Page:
Chapter 2: Subjects and Predicates

  Every simple sentence has two parts, a subject and a predicate. That is because you
are always doing two things in a sentence. You are
talking about something, and you are
trying to
say something about whatever it is you are talking about. The subject of a
sentence is what you are talking about in the sentence, and the predicate is what you are
saying about the subject.

  Now, please read the following paragraph.

    The youngest son was quite unhappy about this turn of events. “My brothers are
    taken care of, and I’m glad about that,” he said. “One can grind the flour, and the
    other can carry it to market on the donkey’s back. But what will happen to me? It
    may be true that a cat has nine lives, but I’ve never met a cat you can eat more than
    once. And when he’s gone, what then? I could make some mittens from the fur, but
    what would be the point? Do I really care if my hands are warm while I slowly
    starve to death?”

  What is the first sentence about? It’s about the youngest son. So the subject of the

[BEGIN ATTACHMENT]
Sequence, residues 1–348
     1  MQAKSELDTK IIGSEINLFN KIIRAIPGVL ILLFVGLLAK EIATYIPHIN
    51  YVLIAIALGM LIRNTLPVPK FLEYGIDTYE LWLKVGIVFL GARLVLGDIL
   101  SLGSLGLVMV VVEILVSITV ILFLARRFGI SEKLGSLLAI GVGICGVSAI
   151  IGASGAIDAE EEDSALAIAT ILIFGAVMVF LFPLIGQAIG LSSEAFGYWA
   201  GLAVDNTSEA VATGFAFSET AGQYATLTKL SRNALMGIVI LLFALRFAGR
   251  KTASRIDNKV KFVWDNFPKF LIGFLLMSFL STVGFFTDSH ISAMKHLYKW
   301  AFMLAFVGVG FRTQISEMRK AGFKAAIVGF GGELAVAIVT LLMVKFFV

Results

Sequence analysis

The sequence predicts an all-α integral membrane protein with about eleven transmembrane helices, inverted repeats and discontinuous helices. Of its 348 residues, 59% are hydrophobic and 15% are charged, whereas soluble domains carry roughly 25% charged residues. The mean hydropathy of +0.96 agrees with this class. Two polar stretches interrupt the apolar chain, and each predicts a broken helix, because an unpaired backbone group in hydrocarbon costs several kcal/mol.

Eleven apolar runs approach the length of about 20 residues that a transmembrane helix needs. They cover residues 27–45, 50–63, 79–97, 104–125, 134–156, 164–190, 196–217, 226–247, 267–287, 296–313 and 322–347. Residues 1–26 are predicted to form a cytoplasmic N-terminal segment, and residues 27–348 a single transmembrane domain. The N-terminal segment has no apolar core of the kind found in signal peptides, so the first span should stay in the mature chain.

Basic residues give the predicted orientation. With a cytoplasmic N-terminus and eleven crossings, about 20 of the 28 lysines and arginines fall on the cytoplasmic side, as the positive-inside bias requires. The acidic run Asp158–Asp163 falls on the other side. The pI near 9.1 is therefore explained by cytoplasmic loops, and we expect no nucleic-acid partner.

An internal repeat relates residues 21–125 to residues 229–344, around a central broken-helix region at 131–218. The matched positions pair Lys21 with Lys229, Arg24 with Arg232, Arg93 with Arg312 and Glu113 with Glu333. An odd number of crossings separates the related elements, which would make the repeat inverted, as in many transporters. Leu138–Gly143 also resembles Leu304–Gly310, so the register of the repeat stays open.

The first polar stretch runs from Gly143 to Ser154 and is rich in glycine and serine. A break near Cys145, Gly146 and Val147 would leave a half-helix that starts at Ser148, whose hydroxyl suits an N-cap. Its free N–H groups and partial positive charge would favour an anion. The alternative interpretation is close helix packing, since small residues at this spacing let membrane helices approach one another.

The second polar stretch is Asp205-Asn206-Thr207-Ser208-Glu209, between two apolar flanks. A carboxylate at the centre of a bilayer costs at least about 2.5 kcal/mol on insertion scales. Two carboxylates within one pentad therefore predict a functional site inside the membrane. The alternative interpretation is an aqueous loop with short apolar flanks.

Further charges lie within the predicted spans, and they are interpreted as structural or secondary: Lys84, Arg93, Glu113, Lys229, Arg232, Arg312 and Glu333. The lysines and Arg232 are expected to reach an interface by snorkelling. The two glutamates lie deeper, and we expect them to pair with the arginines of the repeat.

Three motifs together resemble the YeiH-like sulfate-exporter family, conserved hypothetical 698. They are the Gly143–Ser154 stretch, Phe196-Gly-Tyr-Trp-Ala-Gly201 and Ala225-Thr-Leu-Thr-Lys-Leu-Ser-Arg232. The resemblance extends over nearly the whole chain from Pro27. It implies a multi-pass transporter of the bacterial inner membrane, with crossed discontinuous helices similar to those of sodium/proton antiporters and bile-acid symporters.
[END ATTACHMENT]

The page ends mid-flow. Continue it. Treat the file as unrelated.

sentence is “the youngest son.” What is being said about the youngest son? The
sentence says he is quite unhappy. So “was quite unhappy” is the predicate of the
sentence. Please note that this sentence is a simple sentence.

  What is the second sentence about? Well, it’s a compound sentence (the two simple
sentences are joined by the word
and), and it’s about two things. The first part is about
his brothers, and the second is about himself. So the subject of the first part is “my
brothers,” and the subject of the second part is “I.” The predicate in the first part is “are
taken care of,” and the predicate in the second part is “am glad.”

  So remember: each sentence has a subject and a predicate. The subject is what the
sentence is about, and the predicate is what is being said about the subject.
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Identify the subject and predicate in each sentence. (Please ignore the words in brackets.)

1. “(If you do what I tell you to do,) I will give you an entire roast of ham.”

2. His brother gave his word at once.

3. He tossed the piece of meat to his brother.

4. “Now, here’s what I want you to do.”